Season 5, Post 26: Coffee with the Head of IT
It has become an annual tradition that your author takes Heptagon’s very own Head of IT out for a coffee, for what better way could there be to learn about future trends in technology? Unlike last year’s edition, which had to occur virtually owing to ongoing COVID-19 issues, last week your author was able to enjoy an Americano and our IT Head a Chai Latte in the real world, while discussing all things tech.
After only a short period of time, the conversation inevitably turned to AI. “Even if you had been living under a rock”, you would have heard the term, I was told, for it has “exploded” during the period since the two of us last discussed technology. As a consequence, your author was told, “everyone is jumping on the bandwagon.” One only needs to look at the performance of so-called AI darlings in the stock market to see the veracity of this assertion. What was more interesting to learn, is why the attraction of AI? It was described to me as a “game-changer” since it allows “better access [to information] ” and can generate “faster turnaround” than a human.
As exciting as all things AI sound, caution remains the order of the day. Sure, it is important to “move quickly” in order not to be left behind. AI, if implemented correctly could be “a source of competitive advantage” for firms. It is hard to disagree with such a standpoint, although it was helpful to be reminded that since Large Language Models (LLMs) are “written by humans” and “humans are not perfect”, they will be subject to errors. Put another way, as we have argued in our own research, the intelligence generated by such models is, by definition, ‘artificial.’ Against this background, our IT Head was of the firm view that a “human element” was still required to have oversight over the answers generated by LLMs. Nonetheless, AI, if implemented well, should “speed things up” and allow resourceful employees to take on more tasks.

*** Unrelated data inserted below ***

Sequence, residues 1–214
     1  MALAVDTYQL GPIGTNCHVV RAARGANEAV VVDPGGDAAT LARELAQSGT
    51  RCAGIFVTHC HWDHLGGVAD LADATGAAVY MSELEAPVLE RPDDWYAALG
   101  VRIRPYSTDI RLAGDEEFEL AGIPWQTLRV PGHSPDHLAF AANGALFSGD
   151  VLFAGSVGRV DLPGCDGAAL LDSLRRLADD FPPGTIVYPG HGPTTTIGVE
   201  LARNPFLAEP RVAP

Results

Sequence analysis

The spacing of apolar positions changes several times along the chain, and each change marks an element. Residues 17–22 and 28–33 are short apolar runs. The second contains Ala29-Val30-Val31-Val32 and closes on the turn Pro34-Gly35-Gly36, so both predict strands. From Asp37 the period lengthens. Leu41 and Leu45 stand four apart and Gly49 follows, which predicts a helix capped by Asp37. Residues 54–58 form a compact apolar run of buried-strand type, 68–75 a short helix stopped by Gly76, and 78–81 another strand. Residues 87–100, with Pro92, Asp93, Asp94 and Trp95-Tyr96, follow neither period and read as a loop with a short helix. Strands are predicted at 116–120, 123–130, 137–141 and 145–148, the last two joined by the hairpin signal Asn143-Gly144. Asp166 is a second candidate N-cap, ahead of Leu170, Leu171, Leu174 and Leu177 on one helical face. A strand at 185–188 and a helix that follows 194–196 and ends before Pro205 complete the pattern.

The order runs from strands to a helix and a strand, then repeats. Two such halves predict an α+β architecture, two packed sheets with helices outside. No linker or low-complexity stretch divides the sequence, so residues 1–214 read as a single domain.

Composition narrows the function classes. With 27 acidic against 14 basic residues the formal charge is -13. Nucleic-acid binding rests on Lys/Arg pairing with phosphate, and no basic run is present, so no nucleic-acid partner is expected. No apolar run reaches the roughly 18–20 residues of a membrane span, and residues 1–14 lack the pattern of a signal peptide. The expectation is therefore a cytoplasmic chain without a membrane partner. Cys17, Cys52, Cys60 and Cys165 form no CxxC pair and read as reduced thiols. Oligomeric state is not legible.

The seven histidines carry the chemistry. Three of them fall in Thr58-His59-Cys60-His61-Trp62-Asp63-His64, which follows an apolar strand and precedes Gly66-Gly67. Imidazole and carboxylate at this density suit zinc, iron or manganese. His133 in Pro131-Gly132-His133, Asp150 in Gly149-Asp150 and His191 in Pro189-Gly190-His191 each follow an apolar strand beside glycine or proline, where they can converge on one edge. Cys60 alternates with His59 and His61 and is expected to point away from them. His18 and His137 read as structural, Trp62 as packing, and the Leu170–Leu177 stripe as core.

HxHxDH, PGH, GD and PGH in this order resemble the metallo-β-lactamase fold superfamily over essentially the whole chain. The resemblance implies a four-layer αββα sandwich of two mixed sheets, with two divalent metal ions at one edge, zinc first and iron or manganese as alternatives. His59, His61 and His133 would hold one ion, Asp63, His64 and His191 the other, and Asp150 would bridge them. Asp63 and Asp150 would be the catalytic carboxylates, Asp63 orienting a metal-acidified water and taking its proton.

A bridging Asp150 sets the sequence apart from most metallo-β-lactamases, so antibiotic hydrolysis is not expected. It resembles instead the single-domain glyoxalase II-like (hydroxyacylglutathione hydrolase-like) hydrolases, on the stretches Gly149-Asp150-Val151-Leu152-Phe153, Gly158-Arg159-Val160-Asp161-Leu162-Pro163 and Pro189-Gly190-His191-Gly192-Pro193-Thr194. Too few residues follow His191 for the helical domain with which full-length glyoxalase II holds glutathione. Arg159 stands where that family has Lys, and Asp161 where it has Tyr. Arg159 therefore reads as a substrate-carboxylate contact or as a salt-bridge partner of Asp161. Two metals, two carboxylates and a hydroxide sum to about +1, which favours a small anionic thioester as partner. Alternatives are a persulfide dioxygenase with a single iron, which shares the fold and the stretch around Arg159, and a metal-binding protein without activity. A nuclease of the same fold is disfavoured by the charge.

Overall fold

There was more to our conversation than just AI. In between sips of coffee, we did have time to discuss cybersecurity, which ultimately should remain the leading concern of any IT professional. A security compromise could “disrupt everything”, for any firm is “only as good as its reputation.” Might AI come to the rescue here, then, I was forced to ask? For sure, was the response, since “better AI means better cyber.” Security programmes trained on large sets of data should, all other things being equal, become better at pre-empting potential threats.
As we departed, a final thought occurred to me: if AI is getting better the whole time, how much of a threat might it pose to IT professionals? Our Head of IT provided a worthy response. For starters, “people need [still] to work out how to get the best out of it”, but even in a more digitalised and ‘intelligent’ world, it will remain hard for models to reproduce everything that people do; the ability to show empathy or to react to the unpredictable, for example. Rather, think of AI as an enabler, a tool to allow people to do things better, or, as our IT Head put it, “AI will increase my powers – I encourage it.”
6 July 2023
The above does not constitute investment advice and is the sole opinion of the author at the time of publication.. Past performance is no guide to future performance and the value of investments and income from them can fall as well as rise.
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Alex Gunz, Fund Manager
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